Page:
Cellular Ca2+ signals generate defined pH signatures in plants.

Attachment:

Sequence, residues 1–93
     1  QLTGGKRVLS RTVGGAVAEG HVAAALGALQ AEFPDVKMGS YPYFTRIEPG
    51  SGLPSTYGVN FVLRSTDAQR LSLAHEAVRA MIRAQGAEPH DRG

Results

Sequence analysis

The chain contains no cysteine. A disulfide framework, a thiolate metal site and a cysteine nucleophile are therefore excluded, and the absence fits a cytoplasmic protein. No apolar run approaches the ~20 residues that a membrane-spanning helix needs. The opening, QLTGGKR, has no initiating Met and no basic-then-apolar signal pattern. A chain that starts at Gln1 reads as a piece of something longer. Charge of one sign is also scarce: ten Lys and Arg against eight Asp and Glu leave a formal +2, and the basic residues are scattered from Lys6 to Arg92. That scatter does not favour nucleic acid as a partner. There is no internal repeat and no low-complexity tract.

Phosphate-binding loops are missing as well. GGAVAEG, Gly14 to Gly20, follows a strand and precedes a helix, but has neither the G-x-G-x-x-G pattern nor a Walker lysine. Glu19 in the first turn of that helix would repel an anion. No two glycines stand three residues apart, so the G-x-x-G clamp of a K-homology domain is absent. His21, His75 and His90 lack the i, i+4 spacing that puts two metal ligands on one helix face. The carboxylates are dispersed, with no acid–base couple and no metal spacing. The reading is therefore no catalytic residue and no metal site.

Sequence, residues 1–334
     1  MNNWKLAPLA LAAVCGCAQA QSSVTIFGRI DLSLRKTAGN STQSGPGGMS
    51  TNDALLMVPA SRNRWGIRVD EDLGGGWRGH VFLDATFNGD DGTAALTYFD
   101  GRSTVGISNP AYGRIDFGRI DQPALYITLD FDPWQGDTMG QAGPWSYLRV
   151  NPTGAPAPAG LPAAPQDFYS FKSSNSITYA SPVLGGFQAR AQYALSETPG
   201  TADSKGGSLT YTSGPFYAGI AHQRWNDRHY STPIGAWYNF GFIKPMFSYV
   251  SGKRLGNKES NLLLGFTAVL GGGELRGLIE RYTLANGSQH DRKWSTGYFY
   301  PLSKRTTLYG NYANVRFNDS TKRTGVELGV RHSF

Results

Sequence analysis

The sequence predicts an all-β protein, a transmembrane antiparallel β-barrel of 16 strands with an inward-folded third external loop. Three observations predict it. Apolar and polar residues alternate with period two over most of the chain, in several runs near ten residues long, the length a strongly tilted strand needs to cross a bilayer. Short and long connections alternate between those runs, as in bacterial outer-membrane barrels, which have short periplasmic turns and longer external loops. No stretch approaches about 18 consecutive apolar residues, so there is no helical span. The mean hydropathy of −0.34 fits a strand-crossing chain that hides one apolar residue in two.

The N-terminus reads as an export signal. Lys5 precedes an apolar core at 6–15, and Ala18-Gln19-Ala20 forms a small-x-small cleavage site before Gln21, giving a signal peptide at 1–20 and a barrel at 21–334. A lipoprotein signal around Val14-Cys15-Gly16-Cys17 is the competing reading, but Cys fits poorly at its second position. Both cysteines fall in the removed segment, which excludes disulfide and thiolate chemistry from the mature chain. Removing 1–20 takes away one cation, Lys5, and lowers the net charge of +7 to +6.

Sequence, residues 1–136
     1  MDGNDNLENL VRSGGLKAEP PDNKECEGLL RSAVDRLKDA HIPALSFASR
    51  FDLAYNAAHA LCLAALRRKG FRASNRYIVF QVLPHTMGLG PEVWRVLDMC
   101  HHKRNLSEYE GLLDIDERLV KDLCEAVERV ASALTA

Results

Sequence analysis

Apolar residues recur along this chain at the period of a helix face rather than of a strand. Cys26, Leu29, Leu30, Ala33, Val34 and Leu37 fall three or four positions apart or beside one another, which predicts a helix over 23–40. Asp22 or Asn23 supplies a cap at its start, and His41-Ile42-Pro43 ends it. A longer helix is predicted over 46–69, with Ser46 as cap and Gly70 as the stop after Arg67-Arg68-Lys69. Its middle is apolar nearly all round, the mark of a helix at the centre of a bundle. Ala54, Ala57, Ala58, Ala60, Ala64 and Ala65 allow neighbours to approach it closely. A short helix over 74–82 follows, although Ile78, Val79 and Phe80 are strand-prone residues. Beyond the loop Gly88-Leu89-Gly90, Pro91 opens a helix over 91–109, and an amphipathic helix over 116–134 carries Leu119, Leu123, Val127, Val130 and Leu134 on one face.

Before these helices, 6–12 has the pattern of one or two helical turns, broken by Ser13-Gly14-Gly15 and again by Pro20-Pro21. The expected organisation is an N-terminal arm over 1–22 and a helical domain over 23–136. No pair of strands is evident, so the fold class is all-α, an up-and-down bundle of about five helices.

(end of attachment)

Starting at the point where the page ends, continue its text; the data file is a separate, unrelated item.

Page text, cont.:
Calcium ions (Ca2+) play a key role in cell signaling across organisms. The question of how a simple ion can mediate specificity has spurred research into the role of Ca2+ signatures and their encoding and decoding machinery. Such studies have frequently focussed on Ca2+ alone and our understanding of how Ca2+ signalling is integrated with other responses remains poorly understood. Using in vivo imaging with different genetically-encoded fluorescent sensors in Arabidopsis cells we show that Ca2+ transients do not occur in isolation but are accompanied by pH changes in the cytosol. We estimate the degree of cytosolic acidification at up to 0.25 pH units in response to external ATP in seedling root tips. We validated this pH-Ca2+ link for distinct stimuli. Our data suggest that the association with pH may be a general feature of Ca2+ transients that depends on the transient characteristics and the intracellular compartment. These findings suggest a fundamental link between Ca2+ and pH dynamics in plant cells, generalizing previous observations of their association in growing pollen tubes and root hairs. Ca2+ signatures act in concert with pH signatures, possibly providing an additional layer of cellular signal transduction to tailor signal specificity.